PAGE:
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Modern improvised electric music isn’t exactly your father’s fusion. In fact, the genre has expanded exponentially since the pioneering jazz-rock excursions of Miles Davis and his bandmates in the 1960s and ’70s. Four recent releases make that point abundantly clear.
Like the Davis disciples in Weather Report, the members of keyboard trio Medeski, Martin and Wood have repeatedly fused everything from adventurous acoustic music to distorted electric fare without the aid of a guitarist in their core personnel. One of the few things keyboardist John Medeski, drummer Billy Martin and bassist Chris Wood hadn’t done since forming in 1991, however, is record a live album with an orchestra. Omnisphere (Indirecto), MMW’s project with the 20-piece, New York-based chamber-music outfit Alarm Will Sound, scratches that off the trio’s wish list.
[caption id="attachment_15131" align="alignleft" width="300"] Photo by Michael Bloom[/caption]
Jazz and classical music have never fused quite the way they do on these seven tracks. Martin’s free-form middle solo and Medeski’s atmospheric electric piano enhance AWS’ strings and wind instruments on the shape-shifting14-minute opener “Kid Tao Mammal (Unworldliness Weirdo).” The trio’s drummer turns percussionist to accent the orchestra’s contributions to his impressionistic “Coral Sea.” Medeski’s 20-minute “Eye of Ra” blends his New England Conservatory training with bombastic, soundtrack-like sections, while AWS cellist Stefan Freund’s soundscape arrangement of MMW’s “End of the World Party (Just in Case)” concludes the recording, which is the next-best thing to having been there.
On the self-titled debut by the Chris Lightcap Superette (Royal Potato Family), the bassist and bandleader primarily fuses jazz with surf music along with guitarists Jonathan Goldberger and Curtis Hasselbring and drummer Dan Rieser. Early tracks feature less-than-compelling solos by Goldberger (panned far right) and Hasselbring (far left), who function better afterward, when the focus is more on teamwork than individual breaks. On “While You Were Out,” the two play point-counterpoint to Lightcap’s pulsating bass line and Rieser’s tribal tom-toms to take the piece from dreamy to rollicking. Wilco guitarist Nels Cline adds to the stringed tapestry on gems like the West African-inspired “Djali” and the acidic “Light Trails” (the latter on electric lap-steel guitar), which also features John Medeski on Hammond organ. The disc closes with a flourishing cover of Neil Young’s “Birds,” on which the principal guitarists alternately soar and roar through harmonized lines and phrases.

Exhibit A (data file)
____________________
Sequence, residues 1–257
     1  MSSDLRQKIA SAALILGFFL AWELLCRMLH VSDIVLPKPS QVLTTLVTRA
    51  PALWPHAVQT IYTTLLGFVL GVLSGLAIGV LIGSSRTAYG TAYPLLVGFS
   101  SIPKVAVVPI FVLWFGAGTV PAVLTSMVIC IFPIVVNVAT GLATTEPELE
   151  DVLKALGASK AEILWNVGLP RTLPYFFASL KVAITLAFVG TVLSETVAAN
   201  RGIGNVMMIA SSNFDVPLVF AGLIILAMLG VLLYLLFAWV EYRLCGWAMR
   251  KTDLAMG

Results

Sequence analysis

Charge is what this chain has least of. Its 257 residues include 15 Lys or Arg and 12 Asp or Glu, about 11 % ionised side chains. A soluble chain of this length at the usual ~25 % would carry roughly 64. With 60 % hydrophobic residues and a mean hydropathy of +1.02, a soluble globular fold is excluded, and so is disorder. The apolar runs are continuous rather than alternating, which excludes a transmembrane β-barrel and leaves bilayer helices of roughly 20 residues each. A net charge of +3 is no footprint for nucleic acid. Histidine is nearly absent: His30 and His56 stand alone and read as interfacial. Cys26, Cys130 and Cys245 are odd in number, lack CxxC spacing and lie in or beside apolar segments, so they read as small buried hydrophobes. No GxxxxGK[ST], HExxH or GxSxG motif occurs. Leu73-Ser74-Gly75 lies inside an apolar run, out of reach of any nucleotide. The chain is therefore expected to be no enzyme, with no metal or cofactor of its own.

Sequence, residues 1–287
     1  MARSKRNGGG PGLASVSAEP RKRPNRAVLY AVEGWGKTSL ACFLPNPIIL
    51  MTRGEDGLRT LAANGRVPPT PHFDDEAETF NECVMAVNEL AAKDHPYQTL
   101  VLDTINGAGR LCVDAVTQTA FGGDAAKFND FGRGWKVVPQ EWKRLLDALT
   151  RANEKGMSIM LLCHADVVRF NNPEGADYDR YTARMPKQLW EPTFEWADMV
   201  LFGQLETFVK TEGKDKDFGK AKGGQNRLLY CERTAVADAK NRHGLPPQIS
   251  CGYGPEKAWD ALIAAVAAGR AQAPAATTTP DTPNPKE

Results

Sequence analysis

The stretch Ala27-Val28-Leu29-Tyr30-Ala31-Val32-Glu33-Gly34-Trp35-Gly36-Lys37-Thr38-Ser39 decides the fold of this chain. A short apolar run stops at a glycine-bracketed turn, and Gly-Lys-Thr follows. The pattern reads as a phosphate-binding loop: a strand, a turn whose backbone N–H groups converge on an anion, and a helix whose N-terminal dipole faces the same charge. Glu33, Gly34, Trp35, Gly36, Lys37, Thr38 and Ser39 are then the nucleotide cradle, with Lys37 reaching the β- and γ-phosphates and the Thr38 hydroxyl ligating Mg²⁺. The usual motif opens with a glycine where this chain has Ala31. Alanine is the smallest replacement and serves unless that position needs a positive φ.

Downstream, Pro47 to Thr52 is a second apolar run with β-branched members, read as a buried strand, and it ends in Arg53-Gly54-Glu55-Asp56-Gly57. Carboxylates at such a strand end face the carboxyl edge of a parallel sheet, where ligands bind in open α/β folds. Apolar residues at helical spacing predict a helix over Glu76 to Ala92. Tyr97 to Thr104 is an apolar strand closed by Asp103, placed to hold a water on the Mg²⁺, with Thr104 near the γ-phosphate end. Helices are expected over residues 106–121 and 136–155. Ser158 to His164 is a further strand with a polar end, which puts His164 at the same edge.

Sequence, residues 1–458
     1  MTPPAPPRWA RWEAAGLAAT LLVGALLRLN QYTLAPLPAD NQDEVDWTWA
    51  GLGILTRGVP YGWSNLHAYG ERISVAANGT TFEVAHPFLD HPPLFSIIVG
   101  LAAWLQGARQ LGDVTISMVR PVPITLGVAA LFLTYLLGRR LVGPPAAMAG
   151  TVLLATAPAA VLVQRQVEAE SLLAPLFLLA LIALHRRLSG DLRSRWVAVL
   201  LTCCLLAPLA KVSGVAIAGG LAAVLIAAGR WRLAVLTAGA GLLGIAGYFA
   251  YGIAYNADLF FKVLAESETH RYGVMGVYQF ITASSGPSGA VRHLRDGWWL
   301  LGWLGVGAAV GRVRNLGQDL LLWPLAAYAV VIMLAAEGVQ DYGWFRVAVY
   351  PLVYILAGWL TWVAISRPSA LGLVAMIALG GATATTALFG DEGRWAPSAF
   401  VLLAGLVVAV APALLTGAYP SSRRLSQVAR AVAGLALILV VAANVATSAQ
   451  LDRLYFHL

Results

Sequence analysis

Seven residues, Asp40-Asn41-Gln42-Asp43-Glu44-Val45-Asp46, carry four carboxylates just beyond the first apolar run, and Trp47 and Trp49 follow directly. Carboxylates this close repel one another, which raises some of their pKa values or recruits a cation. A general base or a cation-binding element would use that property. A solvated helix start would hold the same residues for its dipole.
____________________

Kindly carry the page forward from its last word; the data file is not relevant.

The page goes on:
Iconoclastic, 66-year-old California-born guitarist Henry Kaiser is the spiritual impetus behind Mudang Rock (Fractal Music), the new release also featuring drummer Simon Barker, bassist Bill Laswell and saxophonist Rudresh Mahanthappa. Its title refers to the mudang in Korean Shamanism, i.e., shamans possessed by God who have special powers. As its esoteric title indicates, the quartet’s often groove-free fusion of Korean musical traditions and free jazz isn’t designed to suit everyone. The disc’s series of spirited tone poems ranges from the lengthy opener “Orange Kut,” featuring Kaiser’s signature distortion and Australian drummer Barker’s percussive approach to his instrument, to the frenetic Mahanthappa showcase “Logarhythm” to the explosive, fuzz-toned, nearly 20-minute “Yongari vs. Bulgasari.”
Manhattan-based multi-wind instrumentalist Brian Krock’s band on Big Heart Machine (Outside In Music) features an electric guitarist in Olli Hirvonen, but otherwise bears little resemblance to classic fusion. Rather, conductor Miho Hazama guides an 18-piece orchestra — which includes five saxophonists, four trumpeters, four trombonists, a keyboardist, a vibraphonist and a rhythm section — through a mix of big-band jazz and classical timbres that reveal some of the 29-year-old Krock’s progressive rock influences. Arcoiris Sandoval’s gritty synthesizers on the opening “Don’t Analyze” occasionally slide into Keith Emerson territory, while the cascading, five-part “Tamalpais” suite bears threads of Frank Zappa and the closing “Mighty Purty” mimics an orchestral take on one of King Crimson’s improvisations.-Bill Meredith